Brunson, however, is reluctant to involve herself in such discourse. “I mean, it’s weird. It’s like… whatever,” she says. “I like Andor, which is super dark, just as much as I like Ted Lasso. Labels can strip away the nuance of a show. Everything Everywhere All at Once, to me, is so much more than a ‘nice’ movie. There are days when I want to watch something deep, and there are days when I’ll just want to watch an Adam Sandler movie. I like variety.”
Just because Abbott is nice doesn’t mean it doesn’t have bite. It is a quietly political series, flying the flag for teachers who, Brunson says, are not as appreciated as they should be. At Abbott, which teaches predominantly black pupils, there is never enough money to provide the children with what they need, whether that’s enough copies of Peter Rabbit or a desk suitable for use with a wheelchair.
“It is a job that has to be a calling because it’s not easy,” says Brunson. “They’re not paid well – they should be paid more.” Coincidentally, we are speaking on a day British teachers are on strike over a pay dispute – proof that Abbott’s messaging about the under-appreciation of teaching as a worthy profession isn’t just relevant to an American audience.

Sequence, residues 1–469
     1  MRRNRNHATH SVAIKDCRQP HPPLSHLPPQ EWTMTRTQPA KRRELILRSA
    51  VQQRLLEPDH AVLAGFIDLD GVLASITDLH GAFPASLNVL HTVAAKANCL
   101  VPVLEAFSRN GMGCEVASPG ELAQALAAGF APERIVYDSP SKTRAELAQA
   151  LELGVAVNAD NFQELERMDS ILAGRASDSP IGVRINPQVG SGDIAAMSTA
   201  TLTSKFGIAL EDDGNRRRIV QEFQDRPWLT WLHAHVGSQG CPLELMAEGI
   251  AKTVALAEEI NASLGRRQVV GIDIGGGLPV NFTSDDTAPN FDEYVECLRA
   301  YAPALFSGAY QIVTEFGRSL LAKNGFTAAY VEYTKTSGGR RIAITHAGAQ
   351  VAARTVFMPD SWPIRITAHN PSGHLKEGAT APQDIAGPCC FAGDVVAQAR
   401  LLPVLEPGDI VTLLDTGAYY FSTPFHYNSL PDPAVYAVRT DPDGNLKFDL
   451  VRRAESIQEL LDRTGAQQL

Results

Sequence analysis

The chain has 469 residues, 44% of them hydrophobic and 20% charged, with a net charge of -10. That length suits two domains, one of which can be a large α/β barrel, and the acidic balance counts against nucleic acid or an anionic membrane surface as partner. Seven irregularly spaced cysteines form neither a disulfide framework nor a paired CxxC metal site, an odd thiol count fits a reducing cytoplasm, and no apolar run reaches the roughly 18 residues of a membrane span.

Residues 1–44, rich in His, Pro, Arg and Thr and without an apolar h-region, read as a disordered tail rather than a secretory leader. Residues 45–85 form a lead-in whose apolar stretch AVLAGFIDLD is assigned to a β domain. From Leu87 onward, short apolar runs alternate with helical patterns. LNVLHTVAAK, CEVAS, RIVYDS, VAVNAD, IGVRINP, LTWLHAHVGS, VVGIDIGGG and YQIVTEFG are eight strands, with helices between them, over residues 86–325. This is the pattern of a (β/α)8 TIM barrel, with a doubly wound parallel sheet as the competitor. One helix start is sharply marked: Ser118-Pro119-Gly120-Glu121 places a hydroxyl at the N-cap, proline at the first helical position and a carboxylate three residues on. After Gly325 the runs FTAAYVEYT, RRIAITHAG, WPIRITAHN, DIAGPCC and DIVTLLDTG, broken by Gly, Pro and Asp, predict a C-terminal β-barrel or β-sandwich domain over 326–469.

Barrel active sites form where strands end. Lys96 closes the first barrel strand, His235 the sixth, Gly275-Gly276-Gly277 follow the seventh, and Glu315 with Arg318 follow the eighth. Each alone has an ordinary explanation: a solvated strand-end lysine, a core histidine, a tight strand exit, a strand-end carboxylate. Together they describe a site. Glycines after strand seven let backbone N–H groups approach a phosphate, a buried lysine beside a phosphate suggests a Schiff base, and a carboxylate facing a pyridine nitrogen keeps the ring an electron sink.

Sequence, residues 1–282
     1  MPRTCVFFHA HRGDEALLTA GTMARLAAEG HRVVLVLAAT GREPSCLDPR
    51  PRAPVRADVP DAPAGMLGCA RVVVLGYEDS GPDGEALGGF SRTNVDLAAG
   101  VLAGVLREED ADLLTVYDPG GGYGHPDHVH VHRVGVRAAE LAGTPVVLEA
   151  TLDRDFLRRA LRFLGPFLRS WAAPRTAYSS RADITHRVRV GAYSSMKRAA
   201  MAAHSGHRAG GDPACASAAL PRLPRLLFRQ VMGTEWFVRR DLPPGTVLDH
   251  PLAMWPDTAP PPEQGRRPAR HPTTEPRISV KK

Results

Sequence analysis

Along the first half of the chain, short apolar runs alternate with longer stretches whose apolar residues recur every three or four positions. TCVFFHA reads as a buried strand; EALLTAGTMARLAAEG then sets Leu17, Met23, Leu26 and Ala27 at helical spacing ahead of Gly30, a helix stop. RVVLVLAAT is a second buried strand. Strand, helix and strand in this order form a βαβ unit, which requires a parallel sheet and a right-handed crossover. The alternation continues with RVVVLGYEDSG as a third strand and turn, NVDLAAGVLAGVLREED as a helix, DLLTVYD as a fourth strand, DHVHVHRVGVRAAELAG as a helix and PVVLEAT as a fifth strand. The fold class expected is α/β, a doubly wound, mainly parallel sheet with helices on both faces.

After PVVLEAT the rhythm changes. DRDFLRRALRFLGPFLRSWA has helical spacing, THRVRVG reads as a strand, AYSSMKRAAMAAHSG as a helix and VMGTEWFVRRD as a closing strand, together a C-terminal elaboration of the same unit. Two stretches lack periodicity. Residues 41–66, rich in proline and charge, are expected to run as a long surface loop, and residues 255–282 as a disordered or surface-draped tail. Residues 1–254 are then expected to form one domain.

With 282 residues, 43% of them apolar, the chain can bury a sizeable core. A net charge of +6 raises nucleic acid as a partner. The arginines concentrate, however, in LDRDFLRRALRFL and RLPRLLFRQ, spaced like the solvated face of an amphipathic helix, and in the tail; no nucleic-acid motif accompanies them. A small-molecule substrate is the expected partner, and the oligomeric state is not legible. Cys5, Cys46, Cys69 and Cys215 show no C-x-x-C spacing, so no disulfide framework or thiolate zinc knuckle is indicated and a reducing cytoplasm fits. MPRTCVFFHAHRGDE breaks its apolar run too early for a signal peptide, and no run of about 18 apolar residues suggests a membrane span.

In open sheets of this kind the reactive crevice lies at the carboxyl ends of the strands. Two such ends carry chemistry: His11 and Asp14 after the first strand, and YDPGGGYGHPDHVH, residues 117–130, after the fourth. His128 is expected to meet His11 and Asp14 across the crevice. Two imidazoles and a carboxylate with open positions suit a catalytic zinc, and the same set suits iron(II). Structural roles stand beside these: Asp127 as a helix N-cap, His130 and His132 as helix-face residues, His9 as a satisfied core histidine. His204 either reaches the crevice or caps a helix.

“Lisa [Ann Walter, who plays Melissa] always says that everybody has either been a teacher or had a teacher,” says Brunson. “I guess that relatability is inherently baked in, but I also think just telling a good story will always do that. For years, the most popular books were about a wizard, then they were about vampires and wolves. Even if you can’t directly relate, you can find the humanity.”
Brunson is not just talking the talk when it comes to backing teachers. “I was very open with the marketing team and said, ‘If we’re going to be making this show about teachers, we should really find ways to support them,’” she says. “The ideas they came back with were incredibly smart.”
Instead of funnelling its marketing budget into an awards campaign, Abbott put the money towards providing school supplies to teachers across the US. The show has also partnered with commercial enterprises to host book fairs at schools and donate uniforms and reusable water bottles to students. “Why wouldn’t we go out to the people that the show is about and make a real impact?”
Season three of Abbott Elementary has already been given the go-ahead by ABC and Brunson can see a future in which we are treated to even more. “I think it could do that,” she says, sounding hesitant. Does she want to? “I think there’s real beauty, power and grace in ending something when it’s supposed to end.”
She quickly backtracks. “I’m not saying it’s time to end! But I like how the UK does that. You guys are like, ‘Yep, that’s enough.’”
Abbott Elementary is streaming on Disney+